Is Lambda School expensive? Not if you look at the value of being in the job market faster. Could you pay up to $30,000 for your tuition? Yes, you can, if you land a high salary job after completion of the program. If you are ready even six months faster than a self-taught developer, that is six months of extra income. Lambda School grads are told specifically not to sell themselves as a junior developer, which means higher starting salaries:

I’m an advocate of Lambda School because I have worked in this industry before online learning became the status quo, and I see how they are changing the standards.

I am not entering with minimal knowledge. I know what it used to be like to work on basic websites. As a graphic/web designer re-entering the field from over a decade ago, I still have nightmares of building entire sites from HTML tables. I used the earliest versions of Photoshop to optimize images and learned to build sites before Wordpress existed. Anyone remember Angelfire or Geocities?

The web is a different place now. My previous knowledge was a good base, but still wasn’t enough to prepare me for the tech used today. In January, I decided to build a few websites and follow some tutorials to get up to speed…but quickly realized I was in over my head. I struggled through learning Bootstrap 4 on my own, relearned the little CSS I had been exposed to in the past and got to work. I was fortunate enough to have a small grasp on Git, but I wasn’t confident in my abilities. For two months, I banged my head against the wall while trying to learn the basics of Javascript on my own. I went through half of FreeCodeCamp. At this point, I decided I was done trying to figure out a curriculum for myself, and applied to Lambda School.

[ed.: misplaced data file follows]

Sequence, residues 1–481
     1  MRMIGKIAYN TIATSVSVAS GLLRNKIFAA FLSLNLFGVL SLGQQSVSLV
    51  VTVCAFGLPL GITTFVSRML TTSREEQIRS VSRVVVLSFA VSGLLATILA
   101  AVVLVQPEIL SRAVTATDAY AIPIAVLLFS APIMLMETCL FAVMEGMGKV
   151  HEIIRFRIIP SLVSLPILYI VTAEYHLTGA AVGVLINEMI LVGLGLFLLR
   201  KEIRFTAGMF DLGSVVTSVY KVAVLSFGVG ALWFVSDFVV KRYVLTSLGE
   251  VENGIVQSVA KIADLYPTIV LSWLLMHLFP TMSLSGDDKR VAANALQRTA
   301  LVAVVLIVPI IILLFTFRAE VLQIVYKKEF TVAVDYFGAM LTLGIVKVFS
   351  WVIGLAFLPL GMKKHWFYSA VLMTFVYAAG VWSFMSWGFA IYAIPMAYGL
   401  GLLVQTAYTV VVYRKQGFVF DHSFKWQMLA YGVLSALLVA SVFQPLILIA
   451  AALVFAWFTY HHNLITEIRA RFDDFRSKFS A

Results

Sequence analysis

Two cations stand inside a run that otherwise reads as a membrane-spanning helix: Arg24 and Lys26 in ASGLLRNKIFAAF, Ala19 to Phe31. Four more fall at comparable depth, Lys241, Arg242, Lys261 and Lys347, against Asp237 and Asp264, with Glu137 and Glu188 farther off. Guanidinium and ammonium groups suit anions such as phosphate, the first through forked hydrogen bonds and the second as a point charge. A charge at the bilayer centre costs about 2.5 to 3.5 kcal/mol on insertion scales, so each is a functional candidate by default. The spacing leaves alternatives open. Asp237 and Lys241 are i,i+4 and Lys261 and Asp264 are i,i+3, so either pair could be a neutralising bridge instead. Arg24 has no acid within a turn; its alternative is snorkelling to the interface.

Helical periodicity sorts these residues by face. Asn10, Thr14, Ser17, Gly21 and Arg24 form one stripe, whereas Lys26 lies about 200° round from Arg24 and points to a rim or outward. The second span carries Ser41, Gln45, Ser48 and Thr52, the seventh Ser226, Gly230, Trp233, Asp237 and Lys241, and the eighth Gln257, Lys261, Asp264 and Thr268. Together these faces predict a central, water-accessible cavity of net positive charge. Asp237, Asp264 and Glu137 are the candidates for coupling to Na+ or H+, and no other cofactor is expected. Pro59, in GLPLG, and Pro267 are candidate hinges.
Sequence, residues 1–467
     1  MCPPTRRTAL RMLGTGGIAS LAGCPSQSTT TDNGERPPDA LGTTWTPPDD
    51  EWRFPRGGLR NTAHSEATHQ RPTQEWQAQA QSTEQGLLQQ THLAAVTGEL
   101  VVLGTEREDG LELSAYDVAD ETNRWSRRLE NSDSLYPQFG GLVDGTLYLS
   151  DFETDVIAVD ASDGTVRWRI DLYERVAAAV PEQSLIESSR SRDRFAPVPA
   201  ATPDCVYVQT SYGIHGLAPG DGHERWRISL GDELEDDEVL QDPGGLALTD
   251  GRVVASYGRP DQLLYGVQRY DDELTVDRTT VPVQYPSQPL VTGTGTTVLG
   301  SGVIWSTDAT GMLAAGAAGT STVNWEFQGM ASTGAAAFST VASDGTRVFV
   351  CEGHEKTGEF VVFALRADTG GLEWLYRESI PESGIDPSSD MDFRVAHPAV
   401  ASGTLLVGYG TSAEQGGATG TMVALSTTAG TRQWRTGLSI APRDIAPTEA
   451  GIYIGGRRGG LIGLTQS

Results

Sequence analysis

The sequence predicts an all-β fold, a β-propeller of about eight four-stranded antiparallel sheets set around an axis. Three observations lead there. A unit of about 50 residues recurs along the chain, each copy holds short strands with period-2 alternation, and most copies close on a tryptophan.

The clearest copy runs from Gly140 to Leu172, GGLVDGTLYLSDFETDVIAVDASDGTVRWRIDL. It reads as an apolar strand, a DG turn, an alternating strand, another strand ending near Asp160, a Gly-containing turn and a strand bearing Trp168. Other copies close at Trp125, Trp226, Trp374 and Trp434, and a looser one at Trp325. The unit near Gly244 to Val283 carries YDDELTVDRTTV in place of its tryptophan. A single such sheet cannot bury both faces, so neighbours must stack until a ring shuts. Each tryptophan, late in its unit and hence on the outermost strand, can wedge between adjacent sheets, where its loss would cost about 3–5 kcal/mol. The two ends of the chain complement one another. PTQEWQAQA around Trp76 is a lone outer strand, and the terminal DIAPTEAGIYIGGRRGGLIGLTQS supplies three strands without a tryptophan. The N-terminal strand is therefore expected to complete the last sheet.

I took the Lambda Challenge…and passed it.

After being accepted into their CS11 Cohort, I immediately went back to do the free Intro to Web Development Precourse that Lambda School offers. At first, I thought it might be too basic…after doing some research, I realized it was a free sample of how Lambda actually works.

Who doesn’t like free samples?

After flying through the precourse, I went through Gordon Zhu’s Watch and Code course(also known as Practical Javascript). If you are planning to attend Lambda School, I highly recommend this course before you start.

Image Credit: Practical Javascript FTW!

It really helped prepare me for the first week of code challenges. Gordon does a fantastic job of explaining the basics of Javascript in his video series and has office hours available to ask questions. Best Part? It’s free!

Last week, I started Lambda School’s Full-Time Immersive Web Development Program.

Since I am on Eastern Time, my class runs from 11 am to 8 pm, Monday through Friday. However, that is not the only time I spend learning. My girlfriend gets up at 5am for work, so I make the decision to get up early with her…after she leaves, I work on Harvard’s CS50 course until around 9am.

That’s all for today…sign up below for some killer tips on nailing your job search. What to do, what NOT to do…the best info is in there.

When you are ready: Follow me on Twitter, and read more of my stories on Medium here.

JJ Ashcraft is a graduate of Lambda School’s Immersive Web Development program. He spends his free time skydiving, writing articles and traveling the world. JJ is a Software Engineer at Echobind, a full-service agency bringing together the best web and mobile experts to work on your project. Feel free to check out the playbook and the team’s fact sheet to get more info on what Echobind can do for you.